Even before construction began on the swim-with-the-dolphins tourist attraction Dolphinaris Arizona, animal advocates were concerned that it was a bad idea. More than 172,000 people have signed a Care2 petition urging the Dolphinaris company not to open the marine park in Scottsdale, where triple-digit summer temperatures can climb over 120 degrees.
As the nonprofit Animal Defense League of Arizona (ADLA) and other groups pointed out, the desert location leaves the dolphins vulnerable to valley fever. This fungal disease can cause potentially fatal respiratory infections in dolphins that have weakened immune systems caused by the stress of being held in captivity.
Studies have shown that dolphins in captivity can become even more stressed when they’re forced to swim and interact with people, as they are at the seven Dolphinarus marine parks.
The stress has led to behavioral abnormalities, illness, and lowered resistance to disease and death, according to Whale and Dolphin Conservation. For these reasons, TripAdvisor did the right thing last year and stopped booking tickets to attractions that allow people to interact with captive wild animals.
And then there’s the fallout from the 2013 documentary “Blackfish,” which helped to raise awareness of what goes on behind the scenes at marine parks. Attendance at SeaWorld plunged after the film’s release.
Kissing one of our dolphins on the end of their rostrum is a great way to spend a Sunday at Dolphinaris.
Despite these facts and the concerns of tens of thousands of people, Dolphinaris Arizona opened its doors in October 2016. Tragically, those concerns appear to be well founded: Just 11 months later, a young bottlenose dolphin named Bodie died there.
According to a Dolphinaris Arizona spokesperson, 7-year-old Bodie died Sept. 23 after “experiencing a ‘rare muscle disease’ while living in the open-air pools,” ABC 15 reports. The spokesperson said the park’s veterinary team consulted with experts in the United States and Europe, but couldn’t find a cure for the unnamed disease.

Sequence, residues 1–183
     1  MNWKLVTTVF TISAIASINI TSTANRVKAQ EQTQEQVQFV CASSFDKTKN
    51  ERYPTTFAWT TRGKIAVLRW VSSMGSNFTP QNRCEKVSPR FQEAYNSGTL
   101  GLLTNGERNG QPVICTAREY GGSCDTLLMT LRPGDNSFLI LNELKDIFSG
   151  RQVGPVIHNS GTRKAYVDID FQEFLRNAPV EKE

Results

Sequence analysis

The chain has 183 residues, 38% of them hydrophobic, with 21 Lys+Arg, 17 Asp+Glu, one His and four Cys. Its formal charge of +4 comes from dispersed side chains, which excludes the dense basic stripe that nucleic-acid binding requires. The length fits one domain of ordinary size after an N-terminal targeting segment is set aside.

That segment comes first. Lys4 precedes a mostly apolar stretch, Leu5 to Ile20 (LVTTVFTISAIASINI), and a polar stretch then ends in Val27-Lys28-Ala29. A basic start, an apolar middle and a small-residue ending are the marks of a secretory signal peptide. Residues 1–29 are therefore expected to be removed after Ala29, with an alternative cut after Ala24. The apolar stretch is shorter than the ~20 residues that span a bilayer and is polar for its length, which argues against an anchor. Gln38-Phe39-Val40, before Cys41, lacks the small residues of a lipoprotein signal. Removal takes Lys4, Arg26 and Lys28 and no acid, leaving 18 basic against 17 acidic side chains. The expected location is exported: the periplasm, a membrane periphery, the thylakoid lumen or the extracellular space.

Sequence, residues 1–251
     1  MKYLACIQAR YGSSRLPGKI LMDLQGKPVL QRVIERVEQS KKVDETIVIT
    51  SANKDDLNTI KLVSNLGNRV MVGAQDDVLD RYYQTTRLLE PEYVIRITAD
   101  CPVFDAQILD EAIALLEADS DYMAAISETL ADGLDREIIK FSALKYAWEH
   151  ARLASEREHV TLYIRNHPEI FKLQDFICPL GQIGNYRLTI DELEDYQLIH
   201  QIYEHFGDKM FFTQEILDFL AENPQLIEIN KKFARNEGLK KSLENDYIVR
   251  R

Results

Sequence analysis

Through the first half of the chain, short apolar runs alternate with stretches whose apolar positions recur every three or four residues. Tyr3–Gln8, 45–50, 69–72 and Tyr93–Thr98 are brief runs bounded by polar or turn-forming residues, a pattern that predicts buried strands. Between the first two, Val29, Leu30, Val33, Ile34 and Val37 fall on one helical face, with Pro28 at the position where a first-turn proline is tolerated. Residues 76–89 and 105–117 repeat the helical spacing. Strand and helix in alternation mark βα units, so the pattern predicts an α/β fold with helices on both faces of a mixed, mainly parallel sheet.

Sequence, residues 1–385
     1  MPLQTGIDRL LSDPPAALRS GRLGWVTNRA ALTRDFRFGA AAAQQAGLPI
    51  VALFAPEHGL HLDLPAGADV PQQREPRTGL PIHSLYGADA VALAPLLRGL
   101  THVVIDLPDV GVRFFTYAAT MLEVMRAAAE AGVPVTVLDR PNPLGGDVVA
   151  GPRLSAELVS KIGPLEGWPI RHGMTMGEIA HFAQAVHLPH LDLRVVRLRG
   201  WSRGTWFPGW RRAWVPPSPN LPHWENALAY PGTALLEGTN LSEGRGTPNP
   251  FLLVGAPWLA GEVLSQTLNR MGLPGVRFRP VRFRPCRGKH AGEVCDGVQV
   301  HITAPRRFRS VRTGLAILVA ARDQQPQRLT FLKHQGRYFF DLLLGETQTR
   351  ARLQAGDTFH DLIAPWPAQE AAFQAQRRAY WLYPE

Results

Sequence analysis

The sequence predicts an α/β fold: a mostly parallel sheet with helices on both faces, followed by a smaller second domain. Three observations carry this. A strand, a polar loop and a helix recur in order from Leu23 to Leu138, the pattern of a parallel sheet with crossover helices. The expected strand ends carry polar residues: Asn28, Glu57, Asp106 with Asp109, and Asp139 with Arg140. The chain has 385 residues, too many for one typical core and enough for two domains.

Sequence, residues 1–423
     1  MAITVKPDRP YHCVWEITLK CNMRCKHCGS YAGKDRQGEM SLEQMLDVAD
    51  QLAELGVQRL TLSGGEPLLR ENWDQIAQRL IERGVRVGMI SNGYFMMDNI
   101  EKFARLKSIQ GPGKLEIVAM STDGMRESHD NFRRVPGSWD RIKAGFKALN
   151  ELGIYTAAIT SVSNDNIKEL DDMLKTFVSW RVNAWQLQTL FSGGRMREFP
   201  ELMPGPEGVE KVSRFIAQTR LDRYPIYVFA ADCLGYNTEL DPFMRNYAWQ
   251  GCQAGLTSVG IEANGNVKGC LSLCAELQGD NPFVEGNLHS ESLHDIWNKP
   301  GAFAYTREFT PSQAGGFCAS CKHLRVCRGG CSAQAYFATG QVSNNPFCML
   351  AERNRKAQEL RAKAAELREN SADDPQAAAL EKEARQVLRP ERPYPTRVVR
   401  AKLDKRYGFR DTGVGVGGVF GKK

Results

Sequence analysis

A necropsy showed “the same outcome was inevitable,” according to ABC 15.
Immediately after Bodie’s death was announced last week, ADLA, the Animal Welfare Institute and Plea for the Sea launched an investigation. These groups are looking into Bodie’s illness and treatment, and whether other dolphins have gotten sick or died at Dolphinaris Arizona.
“Having participated in grassroots demonstrations opposing Dolphinaris, we realize the public wants and needs to have a clear understanding of the welfare of the remaining dolphins,” Danielle Riley, chairman of Plea for the Sea, said in a statement. “As people become informed of the detriment that these highly intelligent marine mammals suffer in captivity, they are becoming less interested in supporting this inhumane industry.”
Dolphinaris Arizona released the following statement about Bodie’s death:
“Our team at Dolphinaris Arizona will continue its commitment to providing each of our dolphins with the highest standard of care in accordance to the industry’s best practices, as well as federal and international regulations.
“During this difficult time, Dolphinaris Arizona will continue its mission to educate, inspire and empower our guests through interactions with these amazing animals, encouraging guests to become stewards of the oceans and its inhabitants.”
A much better way to become stewards of the oceans and its inhabitants is by not supporting marine parks that profit by forcing captive dolphins to swim with customers. Please sign and share this petition urging Dolphinaris Arizona to close.
This article was first published by Care2.com on 30 Oct 2017.
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